How To Get Seniors Started With Exercise? A Guide For Practitioners

A mysterious drug with little to no side effects can save you from almost every disease. Curious? Well, it's exercise, an absolute miracle. But it's sad to know that their motivation to get out and move gets lost as people age. In fact, the stats show that elderly persons spend 9 hours a day on average being inactive.

That's where you come in. Being a healthcare practitioner, you can encourage older people to start exercising by revealing how it benefits them. In this article, we will talk about the emerging evidence of the usefulness of exercise on the older body and how to get seniors started with exercise.

Benefits of Exercise For Seniors

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We already know exercise is healthy for all people. But for the elderly, gain from physical activity is even huge. It helps them deal with the health crisis of old age and lessens the chance of unplanned hospital visits. Here is how your senior patients can gain advantages from regular exercise.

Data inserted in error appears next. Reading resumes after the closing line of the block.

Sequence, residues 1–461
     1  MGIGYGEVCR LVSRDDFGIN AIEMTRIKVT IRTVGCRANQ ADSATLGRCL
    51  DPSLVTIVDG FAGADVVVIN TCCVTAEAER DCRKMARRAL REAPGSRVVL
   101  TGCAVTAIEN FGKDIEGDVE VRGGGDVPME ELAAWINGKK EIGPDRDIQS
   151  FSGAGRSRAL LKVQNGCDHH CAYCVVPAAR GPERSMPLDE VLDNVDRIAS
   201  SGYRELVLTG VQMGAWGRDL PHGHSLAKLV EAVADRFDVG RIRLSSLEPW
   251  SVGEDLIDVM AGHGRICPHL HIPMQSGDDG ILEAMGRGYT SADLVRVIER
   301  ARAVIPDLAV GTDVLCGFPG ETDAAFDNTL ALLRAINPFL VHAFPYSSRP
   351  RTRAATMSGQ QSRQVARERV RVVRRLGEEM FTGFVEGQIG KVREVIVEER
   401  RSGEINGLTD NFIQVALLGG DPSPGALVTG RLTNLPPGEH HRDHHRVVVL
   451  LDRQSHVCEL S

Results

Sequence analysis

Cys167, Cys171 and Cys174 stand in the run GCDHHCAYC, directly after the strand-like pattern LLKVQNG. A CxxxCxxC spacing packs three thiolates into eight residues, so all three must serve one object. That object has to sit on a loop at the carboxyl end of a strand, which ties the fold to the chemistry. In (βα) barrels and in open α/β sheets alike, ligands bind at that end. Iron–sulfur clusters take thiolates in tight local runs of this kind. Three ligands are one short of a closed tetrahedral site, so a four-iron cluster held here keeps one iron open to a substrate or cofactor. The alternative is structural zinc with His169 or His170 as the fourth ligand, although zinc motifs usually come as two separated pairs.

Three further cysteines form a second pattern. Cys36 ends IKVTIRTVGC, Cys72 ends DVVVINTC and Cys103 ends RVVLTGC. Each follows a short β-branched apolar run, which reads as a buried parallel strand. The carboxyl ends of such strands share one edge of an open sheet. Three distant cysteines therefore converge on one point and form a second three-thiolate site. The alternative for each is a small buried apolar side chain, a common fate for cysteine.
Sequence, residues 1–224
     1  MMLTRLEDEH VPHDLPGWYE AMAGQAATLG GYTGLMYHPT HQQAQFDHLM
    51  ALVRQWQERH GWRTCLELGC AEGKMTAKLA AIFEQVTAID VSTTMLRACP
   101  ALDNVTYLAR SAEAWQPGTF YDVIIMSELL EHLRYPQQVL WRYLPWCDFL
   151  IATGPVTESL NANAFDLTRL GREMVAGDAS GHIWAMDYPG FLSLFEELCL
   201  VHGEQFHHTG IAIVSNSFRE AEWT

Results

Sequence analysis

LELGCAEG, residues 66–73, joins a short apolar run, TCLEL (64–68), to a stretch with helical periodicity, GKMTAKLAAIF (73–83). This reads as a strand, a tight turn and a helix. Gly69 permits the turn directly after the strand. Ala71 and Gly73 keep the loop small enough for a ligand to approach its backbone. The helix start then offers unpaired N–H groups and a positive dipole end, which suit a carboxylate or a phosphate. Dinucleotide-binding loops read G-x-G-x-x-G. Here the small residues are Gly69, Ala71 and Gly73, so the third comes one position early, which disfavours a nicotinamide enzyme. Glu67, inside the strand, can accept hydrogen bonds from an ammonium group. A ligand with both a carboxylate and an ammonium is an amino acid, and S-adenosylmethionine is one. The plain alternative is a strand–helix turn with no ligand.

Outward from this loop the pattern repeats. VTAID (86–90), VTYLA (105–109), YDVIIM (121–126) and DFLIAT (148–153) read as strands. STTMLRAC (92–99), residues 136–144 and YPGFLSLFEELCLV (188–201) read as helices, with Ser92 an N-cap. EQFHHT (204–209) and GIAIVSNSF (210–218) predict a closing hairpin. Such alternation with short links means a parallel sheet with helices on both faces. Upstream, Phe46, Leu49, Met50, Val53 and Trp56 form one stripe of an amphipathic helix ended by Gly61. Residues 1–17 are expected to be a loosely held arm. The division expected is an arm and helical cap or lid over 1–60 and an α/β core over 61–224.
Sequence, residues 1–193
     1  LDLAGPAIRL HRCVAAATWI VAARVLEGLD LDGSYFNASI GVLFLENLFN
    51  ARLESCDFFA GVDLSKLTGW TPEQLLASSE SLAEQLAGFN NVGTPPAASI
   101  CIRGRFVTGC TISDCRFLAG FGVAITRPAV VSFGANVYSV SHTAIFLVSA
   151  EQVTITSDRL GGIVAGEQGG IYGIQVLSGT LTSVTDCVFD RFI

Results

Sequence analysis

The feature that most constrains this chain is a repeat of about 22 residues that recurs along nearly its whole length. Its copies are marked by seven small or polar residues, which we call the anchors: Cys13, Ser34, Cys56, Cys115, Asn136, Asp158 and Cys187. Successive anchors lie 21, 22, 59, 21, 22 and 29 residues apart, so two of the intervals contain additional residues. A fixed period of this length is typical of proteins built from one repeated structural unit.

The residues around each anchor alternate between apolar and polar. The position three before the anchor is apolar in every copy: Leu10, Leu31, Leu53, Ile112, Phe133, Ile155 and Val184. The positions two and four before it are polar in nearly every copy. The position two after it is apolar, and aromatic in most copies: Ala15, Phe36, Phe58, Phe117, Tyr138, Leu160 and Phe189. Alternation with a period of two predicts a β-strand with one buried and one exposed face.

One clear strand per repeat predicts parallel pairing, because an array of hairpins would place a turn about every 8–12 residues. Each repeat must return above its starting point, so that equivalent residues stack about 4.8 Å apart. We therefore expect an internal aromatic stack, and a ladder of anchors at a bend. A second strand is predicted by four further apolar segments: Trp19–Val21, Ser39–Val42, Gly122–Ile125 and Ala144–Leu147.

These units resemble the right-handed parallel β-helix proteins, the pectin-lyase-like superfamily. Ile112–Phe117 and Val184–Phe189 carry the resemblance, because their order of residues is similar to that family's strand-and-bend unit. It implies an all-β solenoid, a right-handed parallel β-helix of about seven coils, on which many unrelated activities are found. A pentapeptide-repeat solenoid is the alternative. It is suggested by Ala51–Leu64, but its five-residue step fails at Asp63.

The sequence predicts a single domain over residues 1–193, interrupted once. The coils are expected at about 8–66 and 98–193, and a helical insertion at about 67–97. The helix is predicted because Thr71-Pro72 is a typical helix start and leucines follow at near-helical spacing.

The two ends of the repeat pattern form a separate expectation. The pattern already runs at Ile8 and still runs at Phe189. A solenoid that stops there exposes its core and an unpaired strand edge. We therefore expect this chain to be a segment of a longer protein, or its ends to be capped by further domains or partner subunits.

1. Decrease the Risk of Falls

Falls are much more common among older people than others. On average, one-third of people aged over 65 years fall per year. The reason is simple, our muscle mass and strength decrease as we get older due to inactivity and aging. The loss of strength in lower limbs contributes to the risk. Further, aging also brings some sensory and motor changes, which disturbs balance and posture stability.

That's where exercise comes as a savior. It builds up muscle mass and helps them regain strength. Besides, it improves balance, coordination, and posture. In this regard, balance and training activities are pretty effective. For example, a study showed that an exercise program focused on leg strengthening and balance retraining reduced falls and injuries in one-third of seniors.